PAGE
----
A publication of the Archaeological Institute of America
Humanoid Robot Dives on Seventeenth-Century Shipwreck
Thursday, April 28, 2016
STANFORD, CALIFORNIA—Scientists from King Abdullah University of Science and Technology teamed with Oussama Khatib, a professor of computer science at Stanford University, to create OceanOne, a prototype humanoid robot designed to perform intricate underwater tasks. The robot has a head with stereoscopic vision and two fully articulated arms and hands that relay haptic feedback to the pilot’s controls. “You can feel exactly what the robot is doing. It’s almost like you are there; with the sense of touch you create a new dimension of perception,” Khatib told Engineering.com. In addition, sensors in the body monitor the current and automatically adjust to keep the robot stable. To test OceanOne, the team explored the wreck of La Lune, King Louis XIV’s flagship, which sank in 1664 off the southern coast of France. The deep water makes it a dangerous place for human divers, but OceanOne, guided by Khatib back on the boat, carefully recovered a vase from the wreck and placed it in a recovery basket. For more on underwater archaeology, go to "History's 10 Greatest Wrecks..."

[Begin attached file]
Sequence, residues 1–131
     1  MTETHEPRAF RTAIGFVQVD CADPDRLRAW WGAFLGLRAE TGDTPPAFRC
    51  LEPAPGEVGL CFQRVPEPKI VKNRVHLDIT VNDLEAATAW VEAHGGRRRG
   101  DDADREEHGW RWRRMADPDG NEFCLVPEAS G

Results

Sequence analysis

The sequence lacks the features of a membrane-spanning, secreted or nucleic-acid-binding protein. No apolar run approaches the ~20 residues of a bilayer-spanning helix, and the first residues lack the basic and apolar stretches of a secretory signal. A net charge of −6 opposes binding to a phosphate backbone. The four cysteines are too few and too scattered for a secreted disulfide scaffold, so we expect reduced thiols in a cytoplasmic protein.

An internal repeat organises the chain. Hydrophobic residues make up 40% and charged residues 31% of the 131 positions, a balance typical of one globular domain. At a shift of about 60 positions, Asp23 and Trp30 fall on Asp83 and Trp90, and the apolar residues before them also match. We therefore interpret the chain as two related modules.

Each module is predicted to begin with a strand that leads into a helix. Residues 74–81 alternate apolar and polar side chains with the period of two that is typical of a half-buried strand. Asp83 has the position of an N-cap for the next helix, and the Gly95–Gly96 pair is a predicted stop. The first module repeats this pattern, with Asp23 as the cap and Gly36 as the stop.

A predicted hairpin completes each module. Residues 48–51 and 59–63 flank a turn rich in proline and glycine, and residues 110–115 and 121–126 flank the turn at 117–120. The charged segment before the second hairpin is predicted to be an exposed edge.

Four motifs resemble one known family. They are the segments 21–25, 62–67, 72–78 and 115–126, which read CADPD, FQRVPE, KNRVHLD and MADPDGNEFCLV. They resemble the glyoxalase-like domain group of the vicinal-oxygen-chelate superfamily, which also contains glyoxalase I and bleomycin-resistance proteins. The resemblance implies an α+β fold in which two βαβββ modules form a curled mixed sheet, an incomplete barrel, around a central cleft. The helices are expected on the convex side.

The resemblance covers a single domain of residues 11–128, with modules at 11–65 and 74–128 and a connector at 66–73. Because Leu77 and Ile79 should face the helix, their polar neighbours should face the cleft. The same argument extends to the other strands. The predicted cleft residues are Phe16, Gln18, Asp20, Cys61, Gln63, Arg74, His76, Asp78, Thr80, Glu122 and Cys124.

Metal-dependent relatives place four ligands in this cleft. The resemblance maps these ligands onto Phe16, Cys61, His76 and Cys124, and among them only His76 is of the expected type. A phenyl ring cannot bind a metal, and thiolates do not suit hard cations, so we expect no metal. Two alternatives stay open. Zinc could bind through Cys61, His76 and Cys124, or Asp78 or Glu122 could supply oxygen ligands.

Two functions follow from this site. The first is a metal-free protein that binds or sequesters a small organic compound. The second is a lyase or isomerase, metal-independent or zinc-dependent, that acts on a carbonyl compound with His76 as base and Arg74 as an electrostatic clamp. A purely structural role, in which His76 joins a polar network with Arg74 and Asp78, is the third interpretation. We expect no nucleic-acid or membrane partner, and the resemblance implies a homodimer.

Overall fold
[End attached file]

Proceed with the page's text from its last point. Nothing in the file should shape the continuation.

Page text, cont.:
Pennsylvania’s Revolutionary War POW camp, Roman mini-fridge, Maya mercury poisoning, Australian legend of the Seven Sisters, and the first Neanderthal family
The Byzantine gold standard